8. Keeping Christ in Ministry by John H. Harrison

 Unlike a previous review, I enjoyed that the scripture in this book was printed out, and I didn't have to go and look up each verse reference in my Bible. The author quotes scripture after scripture that spoke of Jesus as Prophet, Priest, King, Warrior, Light, Shepherd, Servant, Teacher, Creator, Brother, and Immanuel. It was like a topical study on the character of Jesus, and how we can reflect His character in ministry. 

But that is really all it is: a topical Bible study about Jesus. If it had been titled The Character of Christ, I would not have been disappointed, but the title and introduction build up my hope that it would be more about the different approaches to ministry--especially in America--that are "suspect at best, and unbiblical at worst" (Kindle Locations 36-48). 

In the introduction, the author promises: 
The final chapter presents an approach to ministry that is based on the perspective presented in this book. It illustrates how people’s unique creation by God— their passions, personality, and spiritual gifts— enables them to participate in the ministry of Jesus in a unique way. This chapter also explains the role of the “ministry mentor” in helping people and provides an example of an overall approach.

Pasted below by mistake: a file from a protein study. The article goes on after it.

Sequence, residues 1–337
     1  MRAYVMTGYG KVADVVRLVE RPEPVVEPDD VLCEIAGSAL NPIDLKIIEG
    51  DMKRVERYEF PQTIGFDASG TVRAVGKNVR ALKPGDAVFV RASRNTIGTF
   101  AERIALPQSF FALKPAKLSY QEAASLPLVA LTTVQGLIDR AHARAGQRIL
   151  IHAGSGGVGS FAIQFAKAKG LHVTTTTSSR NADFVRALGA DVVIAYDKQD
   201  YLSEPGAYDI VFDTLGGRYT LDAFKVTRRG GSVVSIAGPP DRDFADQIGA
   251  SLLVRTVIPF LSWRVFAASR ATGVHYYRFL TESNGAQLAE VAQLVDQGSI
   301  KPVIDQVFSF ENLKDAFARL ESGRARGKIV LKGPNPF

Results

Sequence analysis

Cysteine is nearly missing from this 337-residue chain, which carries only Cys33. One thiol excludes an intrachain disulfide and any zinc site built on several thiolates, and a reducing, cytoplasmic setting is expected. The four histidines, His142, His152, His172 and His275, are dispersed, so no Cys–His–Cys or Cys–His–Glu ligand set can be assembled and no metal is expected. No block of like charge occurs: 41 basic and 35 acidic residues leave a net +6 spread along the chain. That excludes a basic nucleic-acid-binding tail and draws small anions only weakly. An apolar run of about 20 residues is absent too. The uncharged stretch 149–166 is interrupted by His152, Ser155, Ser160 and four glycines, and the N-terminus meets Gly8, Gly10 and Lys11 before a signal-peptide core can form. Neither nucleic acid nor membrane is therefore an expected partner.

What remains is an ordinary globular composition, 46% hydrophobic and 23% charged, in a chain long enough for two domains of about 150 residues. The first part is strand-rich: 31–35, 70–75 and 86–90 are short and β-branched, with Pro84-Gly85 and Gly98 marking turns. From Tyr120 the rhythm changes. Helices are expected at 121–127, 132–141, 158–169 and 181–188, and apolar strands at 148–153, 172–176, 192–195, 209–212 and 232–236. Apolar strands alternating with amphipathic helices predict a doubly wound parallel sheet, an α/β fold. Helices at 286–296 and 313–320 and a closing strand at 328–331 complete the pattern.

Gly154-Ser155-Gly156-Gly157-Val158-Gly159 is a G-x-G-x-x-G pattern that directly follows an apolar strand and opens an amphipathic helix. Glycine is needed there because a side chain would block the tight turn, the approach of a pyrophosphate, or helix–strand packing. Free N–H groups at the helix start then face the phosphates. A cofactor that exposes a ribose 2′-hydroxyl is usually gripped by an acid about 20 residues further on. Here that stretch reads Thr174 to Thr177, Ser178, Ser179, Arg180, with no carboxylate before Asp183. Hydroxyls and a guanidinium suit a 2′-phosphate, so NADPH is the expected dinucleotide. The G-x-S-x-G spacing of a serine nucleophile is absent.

Harbison, John H.. Keeping Christ in Ministry (Kindle Locations 99-102). Kirkdale Press.  

I came to the end of that chapter and said, "That's it? Also, his discussion of passions, personality, and spiritual gifts are something I teach on, and it a very basic regurgitation of the S.H.A.P.E. (Spiritual Gifts, Heart Passions, Abilities, Personality, Experience) already developed by others many years ago and doesn't really contribute anything new to the dialogue.

While I wholeheartedly agree that much of the church has resorted to methodology over theology, I do not think this book does much to counteract that trend. 



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